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Create a Sudo User on Arch Linux

Last Updated: Wed, Sep 2, 2020
Arch Best Practices


Performing server administration as a non-root user is a best practice. For security, your first task when deploying an Arch Linux instance at Vultr is to create a non-root user with sudo access.

Supported Versions

This guide should apply to any recently updated version of Arch Linux.

1. Install sudo

As sudo is not included as part of the base installation, it will need to be installed. If you haven't done an update for a while, remember to update your local repository databases first.

# pacman --sync sudo

2. Add a New User Account

Create a new user account with the useradd tool.

# useradd --create-home example_user

Set a strong password for the new user with the passwd tool.

# passwd example_user

3. Add the User to the Wheel Group

Add the new user to the wheel group with the usermod tool.

# usermod --append --groups wheel example_user

4. Edit Sudoers File

Edit the sudoers file with the visudo tool.

# visudo

Look for the wheel group in the 'User privilege specification' section at the bottom of the file. Remove the comment from the beginning of the line, so this it looks like this:

## Uncomment to allow members of group wheel to execute any command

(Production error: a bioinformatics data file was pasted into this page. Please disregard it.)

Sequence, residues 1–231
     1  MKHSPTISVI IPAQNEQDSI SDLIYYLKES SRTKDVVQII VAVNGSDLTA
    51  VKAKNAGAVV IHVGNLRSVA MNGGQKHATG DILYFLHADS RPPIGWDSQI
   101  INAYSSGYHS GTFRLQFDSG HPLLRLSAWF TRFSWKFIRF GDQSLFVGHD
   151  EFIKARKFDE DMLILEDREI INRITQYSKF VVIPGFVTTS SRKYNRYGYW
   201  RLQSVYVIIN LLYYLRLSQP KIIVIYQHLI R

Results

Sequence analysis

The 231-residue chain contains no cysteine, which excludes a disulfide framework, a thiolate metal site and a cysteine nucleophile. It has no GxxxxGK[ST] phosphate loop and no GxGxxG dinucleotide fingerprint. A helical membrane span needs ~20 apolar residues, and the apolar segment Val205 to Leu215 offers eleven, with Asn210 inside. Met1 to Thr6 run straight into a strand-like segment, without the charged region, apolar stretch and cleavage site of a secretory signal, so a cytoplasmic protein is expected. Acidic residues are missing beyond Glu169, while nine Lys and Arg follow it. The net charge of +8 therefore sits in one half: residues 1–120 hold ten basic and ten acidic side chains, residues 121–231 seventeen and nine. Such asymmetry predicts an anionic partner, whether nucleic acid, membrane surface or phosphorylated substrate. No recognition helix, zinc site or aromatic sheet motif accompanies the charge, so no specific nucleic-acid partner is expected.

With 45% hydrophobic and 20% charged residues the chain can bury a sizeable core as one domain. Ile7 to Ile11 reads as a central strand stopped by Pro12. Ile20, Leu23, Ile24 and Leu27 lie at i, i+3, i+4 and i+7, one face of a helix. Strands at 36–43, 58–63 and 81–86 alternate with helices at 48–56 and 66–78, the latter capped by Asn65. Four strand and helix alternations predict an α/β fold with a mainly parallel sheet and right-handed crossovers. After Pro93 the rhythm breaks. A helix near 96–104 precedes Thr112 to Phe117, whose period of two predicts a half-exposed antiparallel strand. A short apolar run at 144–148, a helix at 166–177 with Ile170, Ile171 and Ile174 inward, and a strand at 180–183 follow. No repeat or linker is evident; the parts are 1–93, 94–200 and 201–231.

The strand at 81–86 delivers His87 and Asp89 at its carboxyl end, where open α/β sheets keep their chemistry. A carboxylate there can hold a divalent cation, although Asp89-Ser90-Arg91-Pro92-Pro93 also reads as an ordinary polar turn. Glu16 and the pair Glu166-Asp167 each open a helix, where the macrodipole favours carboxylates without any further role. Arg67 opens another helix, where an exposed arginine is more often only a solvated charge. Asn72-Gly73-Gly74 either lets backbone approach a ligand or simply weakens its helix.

%wheel ALL=(ALL) ALL

Save and exit visudo. Type ESC, then :WQ (lowercase), then ENTER.

📝 Note: The visudo utility performs syntax checking before committing your edits to the file. A malformed sudoers file can break your system. Never edit /etc/sudoers directly. For example, if you make an error, you'll see this when exiting visudo.

visudo: >>> /etc/sudoers: syntax error near line 64 <<<
What now?
Options are:
(e)dit sudoers file again
e(x)it without saving changes to sudoers file
(Q)uit and save changes to sudoers file (DANGER!)

5. Test

Switch to the new user.

# su - example_user

Verify you are the new user with whoami, then test sudo access with sudo whoami, which should return root.

$ whoami
$ sudo whoami

We trust you have received the usual lecture from the local System
Administrator. It usually boils down to these three things:

    #1) Respect the privacy of others.
    #2) Think before you type.
    #3) With great power comes great responsibility.

[sudo] password for example_user:


The new user account is ready to use. As a best practice, use this sudo user for server administration. You should avoid using root for maintenance tasks.

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